Report No. 24
The fifth question raised relates to cost which may be examined from two aspects-
(a) costs of witnesses;
(b) costs of persons whose conduct is in question.
So far as costs of witnesses are concerned, we are suggesting a provision in the rule-making section.1 As regards costs of a person whose conduct is in question, it is contended that the State should pay his costs if he succeeds and conversely he should be made to pay the costs if the findings are against him. It is observed that 'it seems unfair that persons should either be put to a very considerable expense of defending themselves or run the risk of things going against them because they cannot afford the costs'. It is further contended that the provision about the payment of costs would act as some sort of a brake on irresponsible, time-wasting and obstructive tactics.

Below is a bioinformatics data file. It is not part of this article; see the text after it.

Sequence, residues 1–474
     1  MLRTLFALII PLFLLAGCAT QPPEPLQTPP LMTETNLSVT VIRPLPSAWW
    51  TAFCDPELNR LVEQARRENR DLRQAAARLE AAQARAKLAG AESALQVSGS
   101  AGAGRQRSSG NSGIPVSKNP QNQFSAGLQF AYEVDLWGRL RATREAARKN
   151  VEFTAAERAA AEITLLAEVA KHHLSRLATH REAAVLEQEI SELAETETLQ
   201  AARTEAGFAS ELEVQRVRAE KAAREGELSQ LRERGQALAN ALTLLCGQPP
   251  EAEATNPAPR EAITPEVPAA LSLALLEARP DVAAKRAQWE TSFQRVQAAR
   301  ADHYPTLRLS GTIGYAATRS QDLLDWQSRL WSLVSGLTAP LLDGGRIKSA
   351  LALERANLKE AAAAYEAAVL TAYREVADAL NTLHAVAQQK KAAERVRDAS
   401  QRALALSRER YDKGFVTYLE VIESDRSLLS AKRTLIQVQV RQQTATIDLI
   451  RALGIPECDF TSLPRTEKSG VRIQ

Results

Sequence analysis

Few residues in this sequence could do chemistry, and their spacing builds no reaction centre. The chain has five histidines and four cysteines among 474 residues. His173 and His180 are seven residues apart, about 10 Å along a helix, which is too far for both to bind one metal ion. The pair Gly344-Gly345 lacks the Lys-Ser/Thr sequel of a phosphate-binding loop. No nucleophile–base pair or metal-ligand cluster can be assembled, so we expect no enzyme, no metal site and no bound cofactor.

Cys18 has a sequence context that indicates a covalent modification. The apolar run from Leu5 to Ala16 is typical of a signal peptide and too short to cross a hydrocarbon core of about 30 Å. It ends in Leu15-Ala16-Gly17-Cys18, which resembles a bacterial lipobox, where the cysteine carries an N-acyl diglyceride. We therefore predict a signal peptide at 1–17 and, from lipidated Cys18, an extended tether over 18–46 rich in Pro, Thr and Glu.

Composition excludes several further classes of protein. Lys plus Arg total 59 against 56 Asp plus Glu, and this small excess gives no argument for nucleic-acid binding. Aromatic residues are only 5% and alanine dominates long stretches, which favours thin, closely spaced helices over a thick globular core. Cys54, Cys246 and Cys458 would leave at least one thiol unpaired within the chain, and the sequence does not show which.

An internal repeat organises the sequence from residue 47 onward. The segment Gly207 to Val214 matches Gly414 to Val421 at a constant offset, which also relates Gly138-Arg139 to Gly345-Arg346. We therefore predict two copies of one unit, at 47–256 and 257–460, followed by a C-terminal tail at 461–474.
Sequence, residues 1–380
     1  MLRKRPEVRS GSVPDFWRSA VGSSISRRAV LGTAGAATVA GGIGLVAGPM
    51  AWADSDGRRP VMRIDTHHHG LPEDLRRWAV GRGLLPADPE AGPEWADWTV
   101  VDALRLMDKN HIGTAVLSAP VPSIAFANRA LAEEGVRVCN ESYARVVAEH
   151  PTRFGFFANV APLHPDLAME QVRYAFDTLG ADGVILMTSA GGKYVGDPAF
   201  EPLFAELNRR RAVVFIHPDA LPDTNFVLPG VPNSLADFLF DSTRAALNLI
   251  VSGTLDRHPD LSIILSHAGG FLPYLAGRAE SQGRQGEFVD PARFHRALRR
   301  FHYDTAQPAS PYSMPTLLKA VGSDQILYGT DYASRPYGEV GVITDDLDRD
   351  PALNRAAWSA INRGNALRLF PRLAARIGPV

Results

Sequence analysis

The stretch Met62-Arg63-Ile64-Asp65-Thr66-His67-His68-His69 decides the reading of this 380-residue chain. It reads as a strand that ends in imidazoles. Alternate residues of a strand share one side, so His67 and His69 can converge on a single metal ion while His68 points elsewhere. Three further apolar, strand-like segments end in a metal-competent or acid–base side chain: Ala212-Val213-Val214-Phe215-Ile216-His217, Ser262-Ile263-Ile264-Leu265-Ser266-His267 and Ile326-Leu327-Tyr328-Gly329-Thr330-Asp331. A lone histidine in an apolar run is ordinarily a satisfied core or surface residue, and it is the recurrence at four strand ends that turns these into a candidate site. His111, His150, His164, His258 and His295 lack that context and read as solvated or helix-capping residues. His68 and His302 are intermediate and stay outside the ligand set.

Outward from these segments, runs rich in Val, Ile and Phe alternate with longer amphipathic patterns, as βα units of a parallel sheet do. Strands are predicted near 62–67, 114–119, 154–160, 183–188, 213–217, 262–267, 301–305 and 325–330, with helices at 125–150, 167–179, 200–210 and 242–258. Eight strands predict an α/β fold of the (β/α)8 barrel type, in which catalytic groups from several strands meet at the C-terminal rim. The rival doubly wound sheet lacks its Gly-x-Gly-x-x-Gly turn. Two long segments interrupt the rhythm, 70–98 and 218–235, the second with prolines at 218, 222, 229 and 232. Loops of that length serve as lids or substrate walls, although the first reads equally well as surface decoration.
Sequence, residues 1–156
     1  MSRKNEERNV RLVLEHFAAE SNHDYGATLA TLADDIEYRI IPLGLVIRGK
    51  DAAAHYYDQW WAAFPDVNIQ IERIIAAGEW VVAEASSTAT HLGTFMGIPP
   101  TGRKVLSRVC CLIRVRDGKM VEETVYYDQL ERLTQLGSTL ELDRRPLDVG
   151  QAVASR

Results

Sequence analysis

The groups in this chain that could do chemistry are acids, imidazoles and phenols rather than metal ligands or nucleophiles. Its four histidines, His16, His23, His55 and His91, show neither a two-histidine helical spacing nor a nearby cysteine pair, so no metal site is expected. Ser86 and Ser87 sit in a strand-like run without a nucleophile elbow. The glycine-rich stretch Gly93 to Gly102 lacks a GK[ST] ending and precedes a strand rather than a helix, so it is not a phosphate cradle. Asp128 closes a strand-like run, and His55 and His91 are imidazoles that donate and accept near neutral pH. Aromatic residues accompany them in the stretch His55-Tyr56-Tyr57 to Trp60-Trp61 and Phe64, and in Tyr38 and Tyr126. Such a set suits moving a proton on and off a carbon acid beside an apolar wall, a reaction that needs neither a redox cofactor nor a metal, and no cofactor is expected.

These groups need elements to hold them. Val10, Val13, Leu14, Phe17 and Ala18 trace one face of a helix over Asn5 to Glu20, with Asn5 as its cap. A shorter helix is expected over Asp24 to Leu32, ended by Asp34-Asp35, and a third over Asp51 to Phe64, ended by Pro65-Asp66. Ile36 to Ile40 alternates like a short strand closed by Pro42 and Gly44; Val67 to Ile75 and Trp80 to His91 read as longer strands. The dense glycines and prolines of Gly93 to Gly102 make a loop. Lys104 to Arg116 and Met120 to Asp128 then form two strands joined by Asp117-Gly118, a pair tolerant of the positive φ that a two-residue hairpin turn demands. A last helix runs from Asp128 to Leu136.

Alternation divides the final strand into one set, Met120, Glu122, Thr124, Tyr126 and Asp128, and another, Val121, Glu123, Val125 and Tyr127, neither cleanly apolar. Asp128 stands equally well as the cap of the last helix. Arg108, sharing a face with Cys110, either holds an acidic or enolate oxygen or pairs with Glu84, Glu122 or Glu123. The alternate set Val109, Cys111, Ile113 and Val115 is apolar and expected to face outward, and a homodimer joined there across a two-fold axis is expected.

This question has been raised in England also, but, so far as we have been able to gather, no final decision has been reached. Neither the English Act nor the Australian nor the Canadian Act provides for costs. The reasons are not far to seek. In any inquiry of the nature under consideration which is held in the public interest, there are no parties. The Tribunal is a purely fact-finding body and does not adjudicate upon the rights of any persons. In these circumstances, we do not think that any provision should be made in the Act in respect of costs.
1. App I, section 12 as proposed to be amended.